17 Average Premium ($ per SEU) Community Rating More Trouble Than Its Worth? 90% 80% 70% 60% 50% 40% 30% 20% 10% 0% Figure 3.2 Rebate Current and Proposed Current Proposed Under this arrangement, people under 60 would receive no rebate, and older people would get increasingly larger rebates of up to 75% (compared to a maximum 40% rebate today). The figure below shows the resulting premiums payable for each age band, after the deduction of the rebate (the base case is the current PHI premium). Figure 3.3 Average Premiums ($) per SEU (net of rebate) 1,600 1,400 1,200 1, This Scenario Base Case Under this revised rebate structure young people still get a discount relative to current premiums (of 10 to 40%), whilst older people would pay slightly more (10 to 20%). Importantly, this adjustment does not change the government s current dollar expenditure on PHI rebates. The table below summarises our modelled outcomes under a risk rated system with the removal of rebates for younger people.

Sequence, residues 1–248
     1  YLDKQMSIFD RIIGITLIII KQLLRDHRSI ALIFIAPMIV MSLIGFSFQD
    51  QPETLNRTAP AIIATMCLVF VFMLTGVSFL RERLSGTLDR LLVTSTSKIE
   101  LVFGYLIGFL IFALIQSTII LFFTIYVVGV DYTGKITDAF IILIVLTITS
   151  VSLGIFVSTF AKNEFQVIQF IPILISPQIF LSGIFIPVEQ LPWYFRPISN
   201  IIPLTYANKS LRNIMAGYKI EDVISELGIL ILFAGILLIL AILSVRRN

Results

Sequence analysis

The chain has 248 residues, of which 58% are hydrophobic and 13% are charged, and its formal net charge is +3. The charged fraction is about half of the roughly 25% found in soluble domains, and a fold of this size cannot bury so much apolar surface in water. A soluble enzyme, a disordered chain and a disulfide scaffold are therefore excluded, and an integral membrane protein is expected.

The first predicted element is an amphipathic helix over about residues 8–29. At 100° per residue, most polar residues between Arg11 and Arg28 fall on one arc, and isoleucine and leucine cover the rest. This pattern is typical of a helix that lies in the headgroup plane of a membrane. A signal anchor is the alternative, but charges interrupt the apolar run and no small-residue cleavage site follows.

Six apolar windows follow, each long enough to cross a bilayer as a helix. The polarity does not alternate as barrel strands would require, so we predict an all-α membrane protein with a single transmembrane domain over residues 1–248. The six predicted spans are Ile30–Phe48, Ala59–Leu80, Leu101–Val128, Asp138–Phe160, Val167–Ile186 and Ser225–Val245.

18 Table 3.2 Risk Rating Scenario (w/ Rebate Changes) vs Current Criteria Assessment Participation Increase of 7% 13% increase amongst subsidisers (those under 60) 8% decrease amongst people over 60 Average Premium $1,000 (currently $1,100) (net of rebate) Range of Premiums $550-$1,350 (currently $900-$1,200) Complexity Reduced Administrative burden of risk equalisation is removed No need for LHC Increased complexity in rebate structure. Rebate changes The Elephant in the Room We have based our modelling on the year ending 30 June 2012, which is the most recent year for which PHIAC financial information is available. The premium rebate has been means tested since 30 June 2012, and government policy is to further reduce rebate funding. These changes will increase the range of premiums paid by different policyholders, as well as the proportion of total premium paid by individuals (rather than the government). We show examples where rebate funding is reallocated to those with the highest claim costs. This could better link rebate funding to public policy objectives, while reducing the effect of risk rating or partial community rating on older Australians. 3.2 Partial Community Rating An alternative to full risk rating is to allow partial community rating, so that insurers are allowed to vary premiums within certain limits. This is similar to what is currently done in the NSW CTP scheme, where insurers are free to risk rate within predefined limits for discounts and loadings to the average base rate. Under a system of partial community rating risk equalisation would need to remain a part of the system, although its role may be diminished. Again, we consider the changes to community rating both with and without changes to the PHI rebate.